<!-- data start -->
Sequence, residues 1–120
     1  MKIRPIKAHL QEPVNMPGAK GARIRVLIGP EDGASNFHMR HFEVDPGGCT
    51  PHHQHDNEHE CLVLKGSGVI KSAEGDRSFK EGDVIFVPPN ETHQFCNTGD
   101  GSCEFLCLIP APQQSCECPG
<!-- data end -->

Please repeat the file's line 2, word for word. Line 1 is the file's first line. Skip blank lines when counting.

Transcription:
     1  MKIRPIKAHL QEPVNMPGAK GARIRVLIGP EDGASNFHMR HFEVDPGGCT